I’m not a young man anymore RICARDO MARTINEZ

My house looks like a murder victim My dog has a new tumor in her mouth (Red Cauliflower for dinner?) Maybe if I grew up on a Sunday and not a Tuesday I could be a pastor! Reverend (insert our precious author’s name). I like the ring of it! The perfect fission of teeth, tongue, lip. To tell you the truth, my beautiful/handsome reader I’m a bit of an idiot. I tried to buy cigarettes, but found myself Carded and denied! I see now that I can kill a man in Afghanistan, Yet I can’t even kill my own lungs. America the bizarre America the spiteful. I was walking down Piedmont Avenue, and had seen A beekeeper in desperate need of a friend. His bees had all flown away, for they have no reason to stay In their hives. (Entomologists, email me any concerns) A better poet could turn this into a metaphor about The ritualism of adulthood, I am not one of those.



Anonymous (ID: U+Gsh111 )

9/16/2020(Wed)01:11:10 No.11111111111111111111111111111111111111111111111111111111111111111


> A bad seed from the bigotry > Rots from its core out > It grows and grows in secrecy > And starts to bloom in doubt > But understand there is a place > That robs the Earth its fruit > A reservoir that offers grace > With evil in its roots > They loathe the seeds that love the trees > And wish that it would burn. > They praise the stone who took the green > From those who were adjourned. > As they claim to know the truth > And live their casualties > They pray the sun, the crown excuse, > To label their wrongs clean.




Excerpts from


We drank our wine loudly, it made sense when the warmth built our voices. I focused too much on what seemed to be divine features, like holy stains, all over David’s face. He was modest at home, so together we shared only one bottle. After half, an older woman living in the apartment above him played softly on a piano as if in the dark. We danced to the music she played when it made us feel new and fresh still. She played us into something heavy that evening, a weight that hung by our necks leaning us into one another. He was infectiously close as I looked out the kitchen window over the sink. He asked, “Do you want to go to a bar? I know the owner.” —oOo— He breathed across my cheek, and it trailed by my neck as he looked away. The obscurity was uneasy, but I was not ashamed. Even as a boy, I daydreamed about growing older and finding someone eager for me like David. A beat different from his complication was chiming wildly in my chest though, besides the blood he spread across me down to the fingertips. A different but familiar thought I hadn’t been able to shake for months returned. I stepped away first, and my ears were ringing then on. —oOo— Large dim lights reflected a soft pink glow that filled the room. Immediately to the right of the door was a stretched, curved bar. There were mostly couples and Georgia Tech students—the campus wasn’t very far, and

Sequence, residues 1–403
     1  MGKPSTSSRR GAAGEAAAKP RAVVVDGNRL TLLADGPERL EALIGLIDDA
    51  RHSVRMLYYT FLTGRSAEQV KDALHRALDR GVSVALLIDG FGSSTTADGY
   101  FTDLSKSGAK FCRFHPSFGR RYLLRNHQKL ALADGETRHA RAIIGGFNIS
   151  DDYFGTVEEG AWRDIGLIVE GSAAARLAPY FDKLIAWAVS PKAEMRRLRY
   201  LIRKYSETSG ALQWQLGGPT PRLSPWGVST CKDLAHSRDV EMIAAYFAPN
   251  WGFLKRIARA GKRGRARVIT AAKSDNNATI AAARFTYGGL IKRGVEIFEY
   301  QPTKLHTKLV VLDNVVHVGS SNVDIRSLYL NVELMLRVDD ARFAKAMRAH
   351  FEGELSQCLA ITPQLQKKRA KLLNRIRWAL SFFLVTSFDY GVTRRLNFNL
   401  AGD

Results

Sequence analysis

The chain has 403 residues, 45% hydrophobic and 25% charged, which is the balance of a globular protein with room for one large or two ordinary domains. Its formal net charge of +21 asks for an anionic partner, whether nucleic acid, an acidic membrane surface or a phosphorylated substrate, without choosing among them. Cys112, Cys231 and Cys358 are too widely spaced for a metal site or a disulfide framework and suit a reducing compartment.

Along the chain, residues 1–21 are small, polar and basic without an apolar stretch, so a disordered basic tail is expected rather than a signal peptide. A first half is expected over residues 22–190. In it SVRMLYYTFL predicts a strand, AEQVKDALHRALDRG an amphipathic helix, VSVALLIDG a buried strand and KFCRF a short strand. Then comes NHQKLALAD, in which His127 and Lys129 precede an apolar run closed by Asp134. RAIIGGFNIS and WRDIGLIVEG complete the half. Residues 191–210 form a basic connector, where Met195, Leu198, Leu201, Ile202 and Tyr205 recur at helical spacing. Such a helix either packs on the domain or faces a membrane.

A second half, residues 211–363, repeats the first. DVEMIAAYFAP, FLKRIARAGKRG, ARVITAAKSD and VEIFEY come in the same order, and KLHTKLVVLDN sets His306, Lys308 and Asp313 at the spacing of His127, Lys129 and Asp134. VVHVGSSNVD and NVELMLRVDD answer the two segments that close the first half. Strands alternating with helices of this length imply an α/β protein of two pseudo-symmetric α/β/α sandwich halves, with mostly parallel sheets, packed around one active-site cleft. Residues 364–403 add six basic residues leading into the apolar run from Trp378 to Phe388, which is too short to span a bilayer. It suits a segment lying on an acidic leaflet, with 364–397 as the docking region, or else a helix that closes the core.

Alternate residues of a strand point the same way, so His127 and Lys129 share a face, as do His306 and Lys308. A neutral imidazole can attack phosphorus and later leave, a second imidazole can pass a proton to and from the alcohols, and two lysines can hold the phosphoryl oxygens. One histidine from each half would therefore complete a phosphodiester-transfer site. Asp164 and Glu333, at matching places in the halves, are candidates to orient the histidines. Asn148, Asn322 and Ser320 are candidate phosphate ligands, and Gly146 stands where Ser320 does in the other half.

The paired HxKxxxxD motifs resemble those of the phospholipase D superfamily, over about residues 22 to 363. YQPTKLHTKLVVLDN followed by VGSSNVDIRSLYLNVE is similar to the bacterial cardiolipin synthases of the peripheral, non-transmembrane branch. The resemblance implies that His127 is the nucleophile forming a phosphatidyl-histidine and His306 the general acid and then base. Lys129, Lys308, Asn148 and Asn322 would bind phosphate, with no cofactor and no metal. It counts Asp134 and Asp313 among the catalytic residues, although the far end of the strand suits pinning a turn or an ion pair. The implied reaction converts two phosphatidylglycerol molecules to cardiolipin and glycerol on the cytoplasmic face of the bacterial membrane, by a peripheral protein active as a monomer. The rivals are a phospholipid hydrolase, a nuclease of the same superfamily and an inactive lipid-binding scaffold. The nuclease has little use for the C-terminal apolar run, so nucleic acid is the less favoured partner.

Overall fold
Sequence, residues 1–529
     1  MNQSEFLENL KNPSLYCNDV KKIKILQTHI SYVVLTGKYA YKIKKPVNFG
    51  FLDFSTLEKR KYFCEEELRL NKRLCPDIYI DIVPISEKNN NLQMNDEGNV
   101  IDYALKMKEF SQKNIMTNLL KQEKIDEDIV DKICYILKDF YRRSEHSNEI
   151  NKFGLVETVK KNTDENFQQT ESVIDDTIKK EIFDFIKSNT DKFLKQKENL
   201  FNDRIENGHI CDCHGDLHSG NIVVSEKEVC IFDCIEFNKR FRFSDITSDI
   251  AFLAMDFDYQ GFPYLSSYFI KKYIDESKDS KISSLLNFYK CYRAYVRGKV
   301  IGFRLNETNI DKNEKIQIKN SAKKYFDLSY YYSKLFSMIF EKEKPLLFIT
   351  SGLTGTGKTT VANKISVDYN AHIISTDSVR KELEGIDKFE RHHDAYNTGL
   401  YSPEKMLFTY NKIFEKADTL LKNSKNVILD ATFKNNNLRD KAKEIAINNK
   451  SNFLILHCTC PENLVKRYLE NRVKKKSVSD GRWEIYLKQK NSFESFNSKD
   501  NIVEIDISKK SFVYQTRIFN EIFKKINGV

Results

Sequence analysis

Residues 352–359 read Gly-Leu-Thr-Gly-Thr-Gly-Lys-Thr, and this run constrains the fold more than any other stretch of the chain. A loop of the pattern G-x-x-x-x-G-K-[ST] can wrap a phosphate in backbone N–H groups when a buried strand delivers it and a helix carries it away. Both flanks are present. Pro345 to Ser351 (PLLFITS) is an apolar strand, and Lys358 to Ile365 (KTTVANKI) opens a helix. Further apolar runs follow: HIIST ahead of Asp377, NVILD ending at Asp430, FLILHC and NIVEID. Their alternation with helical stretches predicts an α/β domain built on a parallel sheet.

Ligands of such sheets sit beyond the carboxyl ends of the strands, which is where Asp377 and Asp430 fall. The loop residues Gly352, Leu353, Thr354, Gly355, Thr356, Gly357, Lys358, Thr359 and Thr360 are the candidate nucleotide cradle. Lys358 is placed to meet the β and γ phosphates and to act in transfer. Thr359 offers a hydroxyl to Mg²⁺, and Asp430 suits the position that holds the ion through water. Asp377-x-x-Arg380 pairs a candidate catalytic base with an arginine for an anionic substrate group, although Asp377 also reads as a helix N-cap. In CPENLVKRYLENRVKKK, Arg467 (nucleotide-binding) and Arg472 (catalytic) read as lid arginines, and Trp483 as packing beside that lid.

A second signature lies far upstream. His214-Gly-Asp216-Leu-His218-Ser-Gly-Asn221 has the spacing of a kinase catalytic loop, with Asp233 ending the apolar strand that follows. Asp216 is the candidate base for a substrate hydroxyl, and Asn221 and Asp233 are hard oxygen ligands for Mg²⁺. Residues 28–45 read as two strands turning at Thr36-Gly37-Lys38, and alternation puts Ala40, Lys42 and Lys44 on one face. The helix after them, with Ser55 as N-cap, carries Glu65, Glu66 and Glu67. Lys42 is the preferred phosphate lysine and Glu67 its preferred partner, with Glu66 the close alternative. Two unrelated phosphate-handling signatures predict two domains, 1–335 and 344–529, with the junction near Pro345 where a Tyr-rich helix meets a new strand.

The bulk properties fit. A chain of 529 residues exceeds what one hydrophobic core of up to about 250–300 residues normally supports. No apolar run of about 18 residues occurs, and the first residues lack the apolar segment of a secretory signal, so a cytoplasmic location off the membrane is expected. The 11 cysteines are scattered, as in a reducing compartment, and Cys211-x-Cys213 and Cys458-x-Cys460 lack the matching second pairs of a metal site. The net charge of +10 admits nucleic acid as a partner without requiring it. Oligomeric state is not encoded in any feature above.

the students don’t often leave Midtown. David saw Mellany, and I followed a few steps behind. We reached her at a small table in the center of the room where he hugged her. “This is my friend Michel,” he said, “you’ll like him—you’re both smartasses.” I thought it was funny and that I was expected to be witty, but I was fixated on the breath that seemed to still sit on my shoulder—like a parrot, it spoke into my ear. It bothered me. It could have been my conscious or one of those voices people listen to. “He’s just jealous.” She winked at me. “Dumbasses usually are.” I smiled as best I could and shook her hand. “Nice to meet you.” Her hair was pinned in a bun, with two strands dangling on the sides. The green of her shirt matched her eyes. I wondered if David found her attractive at all. He could tell I was curious, and playfully touched my leg under the table when he told me they met in college. I realized he talked about her before, but I didn’t enjoy him introducing me as a friend. —oOo— “Where’re you from, Michel?” Mellany had my attention again. “Marietta, but I’ve been in Atlanta a few years.” “Oh! I’ve been to Alpharetta.” I didn’t correct her. “How long’d you say you’ve been here?” “Only a few years—two or three.” “Hm.” Her eyes were speculative. “I haven’t seen David for about a year.” She seemed the type to see what was unsaid; she heard every little tremble. A spill of her drink slid down her chin. “You like it here though?” She wiped her face with gentle taps of a napkin. “Yeah, I just work a lot so I don’t do much else.”


“Are you staying in Alpharetta?” David didn’t correct her either. “No, I stay down in Cabbagetown.” —oOo— She turned to David again. “Why haven’t we ever